Jacob Andrew Jensen, Corporal, was not your average Spec Ops soldier. First of all, Jacob Andrew Jensen had jumped into the army at the wonderful age of seventeen. He needed money for his sister, who’d needed the neonatal care after her asshole of a boyfriend up and left without even a text message. She hadn’t wanted to name her baby girl yet, but Jacob had still placed his hand on her swelling belly and been amazed that there was a little person growing in there. His baby girl – okay, not just his, but c’mon, saying ‘the baby girl’ seemed so impersonal – had a bit of trouble with her health, and needed a lot of care, and so hey, Jacob didn’t really need to complete two more years of school to write a long boring paper that wouldn’t guarantee him a job with healthcare for his big sis and his baby girl. The army seemed like the perfect idea. And so much cooler than writing his Master’s thesis, anyhow.
Second of all, Jacob Andrew Jensen had kinda a big problem with authority. Like, a huge problem. Practically the size of a planet or something. He had no difficulty going through Basic, but he did have a problem with pissy COs who thought they needed to bust his balls to get him to respect them. So he got stuck with a desk jockey job, in the tech department, and while he loved the computers, loved stripping them apart and putting them back together to make them better, faster, he needed… more. More movement, more action, more distraction, and that really wasn’t high priority at a desk. The other techies were regularly loaned out to teams that would need tech support of some kind, and while Jacob missed being a part of a team, at least no one was telling him to shut up every other minute. Okay, maybe it was now every five minutes, because apparently it was really difficult for the techs to do anything when he was talking, but it was just so easy to do everything given to him. And if he kept up his Basic training, kept going to the range and god knew from the amount of CAPE he got he kept in shape, well. Just ‘cause the other techs didn’t have the need to didn’t mean that the physical exercise didn’t calm him down sometimes.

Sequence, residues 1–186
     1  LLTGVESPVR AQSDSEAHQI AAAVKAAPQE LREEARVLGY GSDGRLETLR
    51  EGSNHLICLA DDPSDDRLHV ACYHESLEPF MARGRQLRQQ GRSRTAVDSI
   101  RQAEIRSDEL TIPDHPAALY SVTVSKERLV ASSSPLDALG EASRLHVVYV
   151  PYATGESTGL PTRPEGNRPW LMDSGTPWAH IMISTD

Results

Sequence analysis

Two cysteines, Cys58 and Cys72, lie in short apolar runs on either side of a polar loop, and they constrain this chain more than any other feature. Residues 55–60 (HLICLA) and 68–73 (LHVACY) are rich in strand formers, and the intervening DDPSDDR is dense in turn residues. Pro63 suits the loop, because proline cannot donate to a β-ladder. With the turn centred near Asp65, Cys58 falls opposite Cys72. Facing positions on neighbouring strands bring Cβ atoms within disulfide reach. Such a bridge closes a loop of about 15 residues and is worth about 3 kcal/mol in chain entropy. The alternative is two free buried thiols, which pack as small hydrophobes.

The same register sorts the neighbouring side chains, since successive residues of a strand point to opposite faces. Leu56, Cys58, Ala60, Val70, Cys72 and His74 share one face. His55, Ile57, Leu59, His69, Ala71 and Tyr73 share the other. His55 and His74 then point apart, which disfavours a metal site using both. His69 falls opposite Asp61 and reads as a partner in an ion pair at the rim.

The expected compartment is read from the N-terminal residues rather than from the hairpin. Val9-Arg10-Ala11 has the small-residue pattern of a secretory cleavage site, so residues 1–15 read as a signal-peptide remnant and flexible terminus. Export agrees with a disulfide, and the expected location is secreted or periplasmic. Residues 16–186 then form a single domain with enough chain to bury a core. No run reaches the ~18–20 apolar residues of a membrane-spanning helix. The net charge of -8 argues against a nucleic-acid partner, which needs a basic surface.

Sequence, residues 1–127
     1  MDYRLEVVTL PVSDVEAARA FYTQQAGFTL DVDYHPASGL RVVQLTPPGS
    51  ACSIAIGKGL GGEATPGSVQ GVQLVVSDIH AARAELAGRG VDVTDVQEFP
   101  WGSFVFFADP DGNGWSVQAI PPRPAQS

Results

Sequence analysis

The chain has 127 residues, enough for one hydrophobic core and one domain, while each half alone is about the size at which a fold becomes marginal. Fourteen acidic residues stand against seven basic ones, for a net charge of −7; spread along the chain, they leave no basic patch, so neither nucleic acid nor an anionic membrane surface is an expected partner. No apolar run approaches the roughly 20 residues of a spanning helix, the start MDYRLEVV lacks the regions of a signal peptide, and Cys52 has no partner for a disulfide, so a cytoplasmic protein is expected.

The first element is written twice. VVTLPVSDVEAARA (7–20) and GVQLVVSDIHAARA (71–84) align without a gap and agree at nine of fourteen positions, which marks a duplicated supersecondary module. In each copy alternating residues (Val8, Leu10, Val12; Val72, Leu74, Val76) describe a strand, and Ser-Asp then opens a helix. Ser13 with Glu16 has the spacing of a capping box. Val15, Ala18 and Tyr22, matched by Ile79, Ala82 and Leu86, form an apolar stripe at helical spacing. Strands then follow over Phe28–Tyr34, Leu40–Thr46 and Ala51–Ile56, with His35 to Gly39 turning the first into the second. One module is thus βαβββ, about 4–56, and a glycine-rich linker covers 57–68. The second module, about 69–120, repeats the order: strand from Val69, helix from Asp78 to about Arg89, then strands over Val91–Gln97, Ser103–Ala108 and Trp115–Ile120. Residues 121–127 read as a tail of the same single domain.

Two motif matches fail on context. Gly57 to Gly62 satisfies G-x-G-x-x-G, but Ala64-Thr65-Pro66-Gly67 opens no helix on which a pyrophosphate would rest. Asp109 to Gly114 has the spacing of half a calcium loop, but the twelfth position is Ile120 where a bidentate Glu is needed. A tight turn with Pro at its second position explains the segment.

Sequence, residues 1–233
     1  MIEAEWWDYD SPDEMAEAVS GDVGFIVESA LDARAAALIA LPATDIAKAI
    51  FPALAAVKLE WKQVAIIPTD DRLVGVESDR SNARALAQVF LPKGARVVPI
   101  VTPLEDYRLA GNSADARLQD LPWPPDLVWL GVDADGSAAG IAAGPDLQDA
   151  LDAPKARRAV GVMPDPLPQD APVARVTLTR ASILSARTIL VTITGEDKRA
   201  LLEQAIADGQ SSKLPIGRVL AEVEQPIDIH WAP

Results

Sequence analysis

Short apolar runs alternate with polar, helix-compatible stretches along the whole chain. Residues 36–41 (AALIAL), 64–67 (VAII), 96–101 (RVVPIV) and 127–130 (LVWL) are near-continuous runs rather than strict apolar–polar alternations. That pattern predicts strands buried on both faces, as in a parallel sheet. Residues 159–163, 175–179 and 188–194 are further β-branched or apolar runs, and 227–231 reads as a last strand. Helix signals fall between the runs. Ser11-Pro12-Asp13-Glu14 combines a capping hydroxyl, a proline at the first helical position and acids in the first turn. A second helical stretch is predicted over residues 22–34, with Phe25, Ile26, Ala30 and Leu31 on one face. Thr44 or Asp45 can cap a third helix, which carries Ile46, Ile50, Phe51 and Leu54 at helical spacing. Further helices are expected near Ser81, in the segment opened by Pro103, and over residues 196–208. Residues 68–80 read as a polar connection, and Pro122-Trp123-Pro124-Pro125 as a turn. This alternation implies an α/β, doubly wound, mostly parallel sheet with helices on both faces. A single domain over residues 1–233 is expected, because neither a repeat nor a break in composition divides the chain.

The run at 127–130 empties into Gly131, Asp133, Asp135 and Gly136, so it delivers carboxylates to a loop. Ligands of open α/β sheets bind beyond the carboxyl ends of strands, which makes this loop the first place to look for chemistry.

And third of all? Spec Ops was so far off Jacob Andrew Jensen’s chart he hadn’t ever thought he’d actually get into the program. But, apparently, someone with the amount of technological genius that Jacob had just couldn’t be left to hack the Pentagon and NORAD and anything else that would take up his copious free time. So now he had better training, a keener mind, and was still bounced from team to team. And he honestly didn’t think it was all his fault! Really. And maybe it was a bit of a rub that no CO could stand him for longer than six months – but really, Jacob was getting a whole new perspective of the world! Liberia, Afghanistan, the Balkans, China…
So he wasn’t really a normal Spec Ops soldier. Which meant that he was not the army’s first choice for the formula.
Ah, yes. The formula.
Jacob could just hear the woo-woo sounds behind that word.
See, there was more than just eco-warfare to hurt the bad guys. There was eco-warfare to better the good guys.
More science fiction than science fact. But hey. If the nice doctors in white coats said this little injection will find his ‘inner animal’ and bring it to the forefront to create the ultimate predator, well, then, who was he to argue? Even if he was the first (perhaps only) volunteer from this sixth wave of recruiting tests.
So he said to himself as he stared up at the bright lights about seven years after he first signed up, the anesthetics hissing through the face-mask.
And then it was lights out Cpl. Jacob Jensen, and soon he’d get to see his inner predator.
He couldn’t wait.